Yes, I know this is gross to talk about. But bear with me okay? Another thing that I have had issues with on the paleo diet is diarrhea. I have done extensive research on this subject, and it seems that it was most likely because I was not eating enough proteins WITH my fats, or just eating too many fats in general before my body adapted. I may have not given my body enough time to adapt and produce the proper amount of digestive enzymes for the new, higher level of fats.
As for constipation… I think this problem is a tad easier to solve. And it relates to one of the main arguments that “anti-paleo” people bring up. “How do you get your fibre?!?” they ask. My answer is that there is PLENTY of fibre in paleo foods such as broccoli, leafy greens, onions, apples, berries, coconut, avocados, and nuts. So if you are “bunged up” (as my parents would say) on the paleo diet, then consider increasing your fibre intake by eating more of these wonderful foods.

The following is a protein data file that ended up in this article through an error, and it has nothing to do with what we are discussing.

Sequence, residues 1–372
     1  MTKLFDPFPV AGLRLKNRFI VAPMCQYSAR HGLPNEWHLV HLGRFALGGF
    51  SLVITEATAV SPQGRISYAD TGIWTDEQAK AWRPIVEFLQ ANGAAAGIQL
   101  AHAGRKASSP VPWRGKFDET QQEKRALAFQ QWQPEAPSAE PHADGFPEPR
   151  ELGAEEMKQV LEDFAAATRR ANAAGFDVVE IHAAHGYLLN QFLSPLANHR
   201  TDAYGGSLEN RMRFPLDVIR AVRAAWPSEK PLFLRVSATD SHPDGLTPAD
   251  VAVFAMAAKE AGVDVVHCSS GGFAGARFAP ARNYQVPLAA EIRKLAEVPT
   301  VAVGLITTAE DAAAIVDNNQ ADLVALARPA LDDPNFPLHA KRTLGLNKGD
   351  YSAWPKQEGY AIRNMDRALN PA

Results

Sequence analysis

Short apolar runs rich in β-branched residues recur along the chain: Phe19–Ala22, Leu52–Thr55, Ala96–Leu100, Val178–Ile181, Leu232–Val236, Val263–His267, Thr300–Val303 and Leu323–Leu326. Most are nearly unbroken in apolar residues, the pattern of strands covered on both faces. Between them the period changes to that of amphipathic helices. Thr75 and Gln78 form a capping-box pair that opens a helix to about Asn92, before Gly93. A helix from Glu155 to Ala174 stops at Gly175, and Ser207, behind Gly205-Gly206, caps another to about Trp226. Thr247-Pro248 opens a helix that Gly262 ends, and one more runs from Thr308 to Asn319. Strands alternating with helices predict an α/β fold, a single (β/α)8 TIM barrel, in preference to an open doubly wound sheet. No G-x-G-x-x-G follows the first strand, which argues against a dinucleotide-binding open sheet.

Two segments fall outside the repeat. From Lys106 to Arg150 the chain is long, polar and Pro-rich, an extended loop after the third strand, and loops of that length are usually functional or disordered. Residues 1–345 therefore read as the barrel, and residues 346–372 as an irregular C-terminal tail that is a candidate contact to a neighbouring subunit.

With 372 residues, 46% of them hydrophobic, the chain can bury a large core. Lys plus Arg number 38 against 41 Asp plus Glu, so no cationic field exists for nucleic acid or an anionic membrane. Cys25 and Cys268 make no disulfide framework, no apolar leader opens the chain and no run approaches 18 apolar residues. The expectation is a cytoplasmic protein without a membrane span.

fibre

5) Feeling hungry
This is by far the most feared symptom of starting a new diet. You are scared that you will feel limited. Deprived. Restricted. Even robbed! Being hungry on the paleo diet is simply a result of a lack of research and preparation. When you suddenly remove a type of food that made up 40% to 60% of your calories, you NEED to replace those calories! You need to plan. You have to know what you are going to be eating in place of those carbs, or you are going to be hungry. It’s that simple.
horse

When I started, I made a list of paleo-friendly foods, including a couple of recipes I planned on cooking for my first week. This was a HUGE reason why I was able to stick to the diet. I made sure I ate enough calories to keep me satisfied.